Are Long Emails Bad? You Have Been Mislead.

In recent years people in the email industry have led you to believe that you should stop writing long emails because email subscribers don’t read long emails anymore. Email marketing strategists and thought leaders have subsequently encouraged you to write shorter emails (50 to 125 words – 200 words) or image-heavy with little copy and bullet points because subscribers “scan.”

The industry has said that no one likes to scroll on emails unless you have valuable content, and only then should you have your most valuable content at the top to grab their attention. Captain Obvious called on the former and asked that I tell you “HOGWASH” on the latter.

Email Too Long? Making The Case

If done correctly with quality email copywriting, you can make reasonably long emails that invite the user to scroll. Subscribers often triage their email on mobile and come back to it on a desktop to investigate further. If you’re not already doing so, one metric to track is that of ToR (total open rate). ToR looks at the gross amount of opens on a particular email and can help provide insight if your subscriber returns to the email to engage. If you want to take it a step further, calculate your TcTOR (total click to open rate) over a 6-12 month period, which will show you how well all of the content performs over time. 

The good news is that you can go back to your metrics historically and calculate these and determine if they met your KPI’s minimal thresholds. If so, then it’s time to set up some tests which will push the boundaries of length.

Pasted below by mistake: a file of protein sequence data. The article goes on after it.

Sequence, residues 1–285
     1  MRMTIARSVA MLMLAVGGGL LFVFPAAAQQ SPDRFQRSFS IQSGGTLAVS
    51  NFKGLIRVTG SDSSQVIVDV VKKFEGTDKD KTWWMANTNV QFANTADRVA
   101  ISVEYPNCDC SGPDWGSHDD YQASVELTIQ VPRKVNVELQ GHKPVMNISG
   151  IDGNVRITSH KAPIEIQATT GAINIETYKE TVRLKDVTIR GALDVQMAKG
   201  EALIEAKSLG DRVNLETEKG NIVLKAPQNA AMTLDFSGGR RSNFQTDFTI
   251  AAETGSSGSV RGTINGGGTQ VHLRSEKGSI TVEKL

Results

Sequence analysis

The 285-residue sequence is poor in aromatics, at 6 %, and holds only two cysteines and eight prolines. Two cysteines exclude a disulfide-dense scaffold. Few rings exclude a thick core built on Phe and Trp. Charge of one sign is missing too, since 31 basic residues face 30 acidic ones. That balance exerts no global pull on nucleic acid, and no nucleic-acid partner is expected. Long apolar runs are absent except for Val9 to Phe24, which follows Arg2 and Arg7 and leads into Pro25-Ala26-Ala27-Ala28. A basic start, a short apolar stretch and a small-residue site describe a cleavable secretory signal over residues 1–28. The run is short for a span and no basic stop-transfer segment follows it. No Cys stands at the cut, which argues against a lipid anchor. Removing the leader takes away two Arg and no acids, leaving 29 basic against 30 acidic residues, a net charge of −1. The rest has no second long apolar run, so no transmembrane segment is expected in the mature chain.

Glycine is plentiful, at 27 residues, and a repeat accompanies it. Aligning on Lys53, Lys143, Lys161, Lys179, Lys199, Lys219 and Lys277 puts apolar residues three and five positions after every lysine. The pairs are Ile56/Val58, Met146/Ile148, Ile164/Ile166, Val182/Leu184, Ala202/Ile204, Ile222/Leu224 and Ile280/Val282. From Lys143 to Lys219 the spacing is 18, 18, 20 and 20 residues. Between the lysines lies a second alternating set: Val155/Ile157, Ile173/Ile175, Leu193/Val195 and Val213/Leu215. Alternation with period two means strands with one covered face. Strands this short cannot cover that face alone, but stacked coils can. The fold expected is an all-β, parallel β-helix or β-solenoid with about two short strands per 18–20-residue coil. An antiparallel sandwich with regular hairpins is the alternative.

Design Emails For Mobile Devices Scroll

If you are looking to test length, you will need to consider a layout type that would work best. A single-column layout is recommended to make it easier for a subscriber to scroll on mobile and desktop. While simplistic, it will integrate nicely into our second recommendation below.

Assuming that you have chosen the single-column layout, one way to organize your images and copy inside the email is using the “criss-cross” method. The “criss-cross” method is when a content grouping is laid out with an image on the right and the copy on the left, followed by the next content group of the image on the left and the copy on the right. Figure 1 below, is a great visual example of the “criss-cross” method.

iPost - Lengthy Email

Using the “criss-cross” layout allows for a simple flow of images to text and makes the email easier to read on any screen in any place they read it. When selecting the images to display in your email, it’s best to experiment with vertical lines while teasing only a part of an image to create some intrigue and curiosity for the subscriber. This, of course, should be tested, and mileage will vary.

Lastly, it might be a good idea to reward those who scroll to your email’s bottom with highly valuable content in your arsenal. The goal would be to train the subscriber that it’s worth the scroll. One suggestion would be to tease that content via the pre-header or subject line.

Long Emails Work, Watch The Clicks

The primary KPI to see if your longer emails are performing for your program is clicks. You can choose to look at total or unique clicks, but no matter which one, always consult a heatmap to see where the clicks are happening to draw insight if your email is bordering on being too long. If you see clicks tapering off considerably towards the bottom of your email over time, then you should reconsider testing a shorter email.

Longer emails can work and provide a way for your brand to push out quite a bit of content, but testing is key.